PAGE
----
Talent did not permit compromise – Day 2034

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Mirza Ghalib had the most extraordinary sense of humor. He had the extra-ordinary knack of narrating tragedies with cheer and this reflected in his poetry.

Once a stranger watching him drink said, ‘Don’t you know that Lord does not accept prayers of a man who consumes alcohol?’ to which Ghalib answered ‘My dear, a man who gets his quota of drink has very little to pray for!’ He was a true fakir, free spirit treading new pastures for fodder every day till he lived.

Kave kave sakht jaani, haetanhai na poochh

There is a story about when he was invited to Delhi by Tomson for the annual poetry recitation; Ghalib arrived at the venue as usual in a palki. When Tomson did not come out to receive him, he turned the palki around and returned home. Later, he commented that he had agreed to the invitation to add prestige to the occasion, but that was not possible when his host did not show basic courtesy towards his guest. Tomson called it arrogance; Ghalib said it was a natural response. His talent did not permit compromise.

To be continued…

Tragedies broke Ghalib’s heart – Day 2033

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Mirza Ghalib lost everyone he loved, his father in childhood, his brother in adolescence. He was a proud father of seven sons but none of them survived. Ghalib adopted a child, but he too died in his youth. These successive tragedies broke his spirit and his heart and he detached himself with life, found solace in poetry. He wrote and sang every waking moment of his life.

Kuch iss tarha maine zindagi ko aasan kar diya

Kissi se maafi maang li to kissi ko maaf kar diya

It is said that during the 1857 riots when Ghalib was arrested by the British and questioned about his religion, the unpredictable poet answered ‘I am an incomplete Muslim’. The officer was flustered and Ghalib was forced to explain his definition of incomplete Muslim as he consumed alcohol (not permitted by Islam) and did not eat meat (permitted by Islam).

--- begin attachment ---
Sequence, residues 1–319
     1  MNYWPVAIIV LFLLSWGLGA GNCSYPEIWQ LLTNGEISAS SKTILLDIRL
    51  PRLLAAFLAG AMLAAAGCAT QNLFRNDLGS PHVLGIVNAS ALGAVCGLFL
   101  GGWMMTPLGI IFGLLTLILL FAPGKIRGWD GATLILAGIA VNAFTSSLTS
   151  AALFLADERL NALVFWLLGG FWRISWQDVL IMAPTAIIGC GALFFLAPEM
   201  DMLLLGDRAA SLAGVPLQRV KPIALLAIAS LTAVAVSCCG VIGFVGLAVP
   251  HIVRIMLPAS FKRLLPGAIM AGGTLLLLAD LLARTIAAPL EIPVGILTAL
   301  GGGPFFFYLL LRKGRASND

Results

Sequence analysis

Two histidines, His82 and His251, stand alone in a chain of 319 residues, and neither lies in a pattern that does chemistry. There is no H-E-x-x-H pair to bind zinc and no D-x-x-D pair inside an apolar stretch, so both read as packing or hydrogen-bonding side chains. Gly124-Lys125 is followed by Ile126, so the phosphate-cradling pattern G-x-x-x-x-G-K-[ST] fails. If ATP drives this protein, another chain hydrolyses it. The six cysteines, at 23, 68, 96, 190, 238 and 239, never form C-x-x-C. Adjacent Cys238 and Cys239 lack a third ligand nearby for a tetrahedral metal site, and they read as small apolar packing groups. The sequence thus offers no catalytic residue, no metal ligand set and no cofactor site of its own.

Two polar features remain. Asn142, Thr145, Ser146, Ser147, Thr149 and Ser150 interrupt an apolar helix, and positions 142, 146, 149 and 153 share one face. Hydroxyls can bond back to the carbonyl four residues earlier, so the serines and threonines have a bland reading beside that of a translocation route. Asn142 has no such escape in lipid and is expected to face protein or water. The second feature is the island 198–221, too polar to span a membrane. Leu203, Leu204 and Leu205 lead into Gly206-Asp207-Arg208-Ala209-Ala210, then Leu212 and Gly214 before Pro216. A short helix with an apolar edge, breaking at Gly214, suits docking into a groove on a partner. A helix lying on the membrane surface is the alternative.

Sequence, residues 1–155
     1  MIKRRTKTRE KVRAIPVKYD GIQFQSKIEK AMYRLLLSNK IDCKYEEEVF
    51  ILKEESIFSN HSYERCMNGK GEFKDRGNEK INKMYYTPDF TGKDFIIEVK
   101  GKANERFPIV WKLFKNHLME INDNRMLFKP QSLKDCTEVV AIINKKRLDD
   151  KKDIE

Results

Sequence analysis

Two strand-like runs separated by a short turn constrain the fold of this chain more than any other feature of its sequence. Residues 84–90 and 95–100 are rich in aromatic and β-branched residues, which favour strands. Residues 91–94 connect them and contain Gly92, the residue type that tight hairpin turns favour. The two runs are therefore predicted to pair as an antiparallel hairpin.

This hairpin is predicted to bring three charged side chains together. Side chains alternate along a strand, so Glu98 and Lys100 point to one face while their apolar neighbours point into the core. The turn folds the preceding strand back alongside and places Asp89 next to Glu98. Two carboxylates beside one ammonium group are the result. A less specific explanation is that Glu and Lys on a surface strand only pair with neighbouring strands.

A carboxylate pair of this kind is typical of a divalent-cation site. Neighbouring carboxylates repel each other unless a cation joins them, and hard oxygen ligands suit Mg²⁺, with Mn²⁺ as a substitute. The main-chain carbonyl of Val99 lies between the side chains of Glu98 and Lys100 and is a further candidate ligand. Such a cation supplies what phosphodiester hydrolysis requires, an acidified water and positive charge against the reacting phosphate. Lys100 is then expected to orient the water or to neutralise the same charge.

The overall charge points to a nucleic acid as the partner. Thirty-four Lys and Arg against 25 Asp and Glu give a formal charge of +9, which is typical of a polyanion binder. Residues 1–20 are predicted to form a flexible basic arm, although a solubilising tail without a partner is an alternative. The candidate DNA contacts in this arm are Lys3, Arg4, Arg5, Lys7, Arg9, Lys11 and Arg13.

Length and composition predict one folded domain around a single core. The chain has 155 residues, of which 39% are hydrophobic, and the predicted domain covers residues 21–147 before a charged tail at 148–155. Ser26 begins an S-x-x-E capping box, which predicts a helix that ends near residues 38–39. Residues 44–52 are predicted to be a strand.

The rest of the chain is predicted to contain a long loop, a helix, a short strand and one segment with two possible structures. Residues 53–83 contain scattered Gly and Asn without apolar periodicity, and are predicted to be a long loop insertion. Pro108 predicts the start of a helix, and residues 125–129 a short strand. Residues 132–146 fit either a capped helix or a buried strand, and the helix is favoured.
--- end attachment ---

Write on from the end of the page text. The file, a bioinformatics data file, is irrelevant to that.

Ghalib poetry collage of human expressions – Day 2032

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Hum ko maloom hai jannat ki haqeeqat, lekin

Dil ke khushrakhne ko, Ghalib ye khayal achha hai.

Mirza Ghalib’s poetry was a collage of human expressions. He was the beloved, the observer, the follower on separate occasions and his poetry reflected his moods. He had the capacity to endure the gravest tragedies and break down at the smallest accusations. His poetry was, like the man himself, intriguing – restless, volatile, unpredictable.

Unke dekhe se jo aa-jati hai mounh par rounaq

Wo samajhte hain ke beemar ka haal achha hai

There are stories that Ghalib was the inheritor of great fortune but he had little time and no inclination to follow on what was left for him by his forefathers. Life was not kind to Ghalib, or perhaps happiness simply evaded him frequently.

To be continued…

Mirza Ghalib is the ultimate guru – Day 2031

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A few days ago, was Guru Purnima and the only name that stands unparalleled in the world of Urdu poetry is Mirza Ghalib inarguably one of the greatest poets of all times. His writing has influenced generations of poets and Indian cinema continues to celebrate his genius on screen.